How to save the most energy with my furnace thermostat?

I couldn’t find an easy, straight 

answer when I searched google. I prefer being warm but I live in Wisconsin and I’m cheap. I live in a very small house and I like the temperature to be 70 when I’m at home during the day. At night, I use a lot of blankets and can set it to 62 (I do wake up freezing these nights and turn my dyson hot+cool fan on for 15-30 min). 

My question is, when I leave during the day, does it save me money on my electricity bill by turning the furnace completely off and heating it back up when I get home? Some articles online say that it’s more efficient to maintain a steady temperature. My thinking was that it uses more energy each time that the furnace kicks in, rather than it running for a longer time, but I could be wrong. 

Hope someone here can help me with any advice, I’m trying to save as much money as possible on my bills. Thanks so much! 

18 Answers

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  • 1 month ago

    A FURNACE heats by burning gas or oil. The The fan is the primary use of electricity, and you probably won't notice it.

  • drip
    Lv 7
    1 month ago

    In Wisconsin I would never turn the heat completely off during the winter.  Frozen pipes can be an issue.

    I like our programmable thermostat. I can have the heat go up when we wake up and back down  When all have left.  Then back up before we get home.  And it changes for the weekend.  

    I also checked our outlets. I was shock at how much cold air I could feel.  I put installation.  Easy and cheap. Check windows and door. Use use a bic lighter to catch bad drafts.

  • 1 month ago

    I would just set the temperate as low as possible.  Then when you are cold turn it on.  

  • 1 month ago

    A FURNACE heats by burning gas or oil. The The fan is the primary use of electricity, and you probably won't notice it.

    NO legitimate article claims maintaining a fixed temperature saves energy over using a programmable thermostat set to kick in about 1/2 hour before you get home.

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  • CB
    Lv 7
    1 month ago

    Lowering the whole house thermostat, wear more clothing, buy a dish heater and when you are sitting for awhile plug it in and point it at you - the heat is concentrated and projected it will keep you warm without trying to warm the whole room. They are light, carry to your bedroom and put it on a timer to come on a few minutes before you get out of bed in the morning and go off 30 minutes later. Lots of options, warm the bathroom with it, etc. The nice part about the dish units is they are not fan driven so very quiet (a little metal expansion and contraction during heat up and cool down).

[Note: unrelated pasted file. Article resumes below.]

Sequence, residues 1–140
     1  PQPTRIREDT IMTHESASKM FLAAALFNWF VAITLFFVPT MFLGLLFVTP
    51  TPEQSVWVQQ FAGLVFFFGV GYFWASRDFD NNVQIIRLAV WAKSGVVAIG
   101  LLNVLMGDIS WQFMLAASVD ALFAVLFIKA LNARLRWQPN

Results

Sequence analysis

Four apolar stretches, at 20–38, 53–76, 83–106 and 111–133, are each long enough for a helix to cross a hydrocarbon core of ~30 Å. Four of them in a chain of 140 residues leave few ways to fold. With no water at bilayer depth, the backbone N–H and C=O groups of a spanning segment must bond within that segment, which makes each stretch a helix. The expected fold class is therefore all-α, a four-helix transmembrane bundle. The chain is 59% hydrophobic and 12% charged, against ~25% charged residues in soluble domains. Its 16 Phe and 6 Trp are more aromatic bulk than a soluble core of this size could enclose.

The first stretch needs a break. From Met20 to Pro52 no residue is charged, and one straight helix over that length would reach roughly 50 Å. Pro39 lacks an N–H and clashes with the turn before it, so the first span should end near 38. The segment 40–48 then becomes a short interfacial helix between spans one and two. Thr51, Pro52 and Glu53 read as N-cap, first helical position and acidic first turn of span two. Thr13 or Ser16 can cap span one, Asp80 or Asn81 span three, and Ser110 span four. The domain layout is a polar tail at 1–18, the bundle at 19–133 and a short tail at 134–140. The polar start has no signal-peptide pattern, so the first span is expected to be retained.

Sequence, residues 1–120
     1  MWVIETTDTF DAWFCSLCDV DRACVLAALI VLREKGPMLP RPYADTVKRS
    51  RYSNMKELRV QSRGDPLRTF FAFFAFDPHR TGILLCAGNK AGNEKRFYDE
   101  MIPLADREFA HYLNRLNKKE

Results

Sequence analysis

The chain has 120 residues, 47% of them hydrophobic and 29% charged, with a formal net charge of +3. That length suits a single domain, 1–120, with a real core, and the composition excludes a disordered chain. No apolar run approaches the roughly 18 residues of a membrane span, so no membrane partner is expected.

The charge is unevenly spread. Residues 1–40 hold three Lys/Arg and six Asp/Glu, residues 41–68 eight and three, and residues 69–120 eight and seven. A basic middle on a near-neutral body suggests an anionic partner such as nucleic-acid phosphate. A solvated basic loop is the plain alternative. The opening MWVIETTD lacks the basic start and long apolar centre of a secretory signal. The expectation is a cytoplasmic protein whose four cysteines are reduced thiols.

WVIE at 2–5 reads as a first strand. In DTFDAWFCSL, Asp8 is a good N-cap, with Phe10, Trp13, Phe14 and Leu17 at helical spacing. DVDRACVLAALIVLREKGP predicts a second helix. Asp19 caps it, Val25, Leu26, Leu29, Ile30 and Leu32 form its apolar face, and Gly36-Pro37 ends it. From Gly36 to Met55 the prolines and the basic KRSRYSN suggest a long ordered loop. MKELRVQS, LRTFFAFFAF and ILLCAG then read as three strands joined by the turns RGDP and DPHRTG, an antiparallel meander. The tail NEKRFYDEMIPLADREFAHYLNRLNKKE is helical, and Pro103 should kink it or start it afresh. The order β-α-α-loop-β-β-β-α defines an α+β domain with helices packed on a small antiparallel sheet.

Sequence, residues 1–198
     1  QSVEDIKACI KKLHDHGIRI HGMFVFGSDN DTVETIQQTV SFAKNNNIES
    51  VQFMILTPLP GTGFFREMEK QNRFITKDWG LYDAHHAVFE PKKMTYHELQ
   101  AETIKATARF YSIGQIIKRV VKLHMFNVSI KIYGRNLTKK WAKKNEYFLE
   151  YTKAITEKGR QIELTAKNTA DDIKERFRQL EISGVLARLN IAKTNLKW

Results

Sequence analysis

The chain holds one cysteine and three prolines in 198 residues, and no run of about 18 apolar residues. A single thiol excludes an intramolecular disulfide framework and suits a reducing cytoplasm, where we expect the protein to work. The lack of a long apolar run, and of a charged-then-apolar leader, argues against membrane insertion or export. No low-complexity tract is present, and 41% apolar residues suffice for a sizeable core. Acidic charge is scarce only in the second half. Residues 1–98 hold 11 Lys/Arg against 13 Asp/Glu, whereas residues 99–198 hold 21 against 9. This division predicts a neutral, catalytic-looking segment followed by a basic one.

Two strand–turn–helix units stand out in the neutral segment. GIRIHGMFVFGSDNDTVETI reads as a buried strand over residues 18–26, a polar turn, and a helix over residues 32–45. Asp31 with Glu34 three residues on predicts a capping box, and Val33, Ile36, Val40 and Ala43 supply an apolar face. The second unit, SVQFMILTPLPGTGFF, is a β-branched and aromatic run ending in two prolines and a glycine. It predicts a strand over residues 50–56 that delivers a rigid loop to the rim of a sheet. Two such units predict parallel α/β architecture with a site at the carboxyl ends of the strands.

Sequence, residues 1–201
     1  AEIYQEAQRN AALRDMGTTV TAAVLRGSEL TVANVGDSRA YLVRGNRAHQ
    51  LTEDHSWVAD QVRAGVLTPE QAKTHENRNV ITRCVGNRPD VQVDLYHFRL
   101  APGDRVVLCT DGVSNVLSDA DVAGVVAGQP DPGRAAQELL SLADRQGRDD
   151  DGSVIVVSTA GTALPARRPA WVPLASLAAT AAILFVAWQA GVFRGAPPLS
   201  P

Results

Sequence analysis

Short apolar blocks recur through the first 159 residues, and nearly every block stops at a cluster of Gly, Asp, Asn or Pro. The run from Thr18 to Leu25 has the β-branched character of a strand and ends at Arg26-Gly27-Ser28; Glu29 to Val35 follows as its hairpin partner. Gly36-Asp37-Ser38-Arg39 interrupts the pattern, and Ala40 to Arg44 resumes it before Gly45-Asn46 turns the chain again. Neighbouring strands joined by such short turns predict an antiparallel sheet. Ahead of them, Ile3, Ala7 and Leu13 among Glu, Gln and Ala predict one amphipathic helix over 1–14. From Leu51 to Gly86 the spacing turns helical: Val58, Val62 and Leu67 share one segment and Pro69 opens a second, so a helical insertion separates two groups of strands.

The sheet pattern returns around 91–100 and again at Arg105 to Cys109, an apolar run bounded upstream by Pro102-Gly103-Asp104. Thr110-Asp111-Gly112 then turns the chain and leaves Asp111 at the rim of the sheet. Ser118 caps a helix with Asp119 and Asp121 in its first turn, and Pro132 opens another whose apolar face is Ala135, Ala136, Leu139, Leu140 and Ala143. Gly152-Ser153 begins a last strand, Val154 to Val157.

• 1 month ago

    the standard advice over in Michigan was to reduce the temp setting, but not turn the system off.  What I'd likely do in your situation is set it to 62 and leave it there, except when I come home in the evening -- then I'd push it up to 70 and go back to 62 about 45 minutes before estimated bed time.  Heating the place for the 1.5 hours or less that you'll be awake and doing in the morning before leaving for the day just isn't worth it.  AND, a programmable thermostat might be worth looking into ... but only if it offers separate programs for weekdays and weekends, plus at least two up/down cycles a day.  -- grampa  [what does this accomplish?  if a cold front comes through while you're at work and the system is off, you might return at 6pm to find the indoor temperature is in the 50s ...]

  • 1 month ago

    Some heating systems are more efficient if you don't vary the set temperature by much, if anything. Others will be more efficient if there are big setbacks and then it runs for a long heat cycle when you raise the temperature. That is why you read different things online. My hi efficiency condensing boiler is best left at one temperature so it can fire at a very low rate for long cycles. If the water coming back to it is very cold because it is too cold in the house, it will fire at a higher rate and be less efficient.

    You need to figure out what is best for your system.

  • Droopy
    Lv 5
    1 month ago

    In Wisconsin your not gonna see much savings from a Programmable stat.  With the extreme cold you get the amount of energy need to recover from the set back would about whip any savings out.  

    If your wanting to save you'd be better off dropping your stat a degree or 2 an see if you can can get acclimated to that temperature.   But your best bet is insulation an leaks.  Get you something like a incent stick that produces some smoke go around house especially windows,doors, outlet inside an outside,light switchs.  If the stuff inside sucks smoke into it you have a air leak.   An as cold as it gets there the air will be flowing the colder it gets outside.  The tighter the house the less the furnace runs.  An the better its insulated the less heat transfer you have.

  • Steve
    Lv 7
    1 month ago

    I like the programmable thermostat idea.  However, the biggest energy saver isn't your thermostat, but ensuring you have minimized air leaks.  Caulking around windows or replacing them if they have leaky frames.  Same for doors.  Pull off the trim around the frames of doors and windows and ensure they have insulation or spray foam all around the framework.  Put an extra layer of insulation in your attic.

  • Mark
    Lv 7
    1 month ago

    Buy a programmable thermostat.

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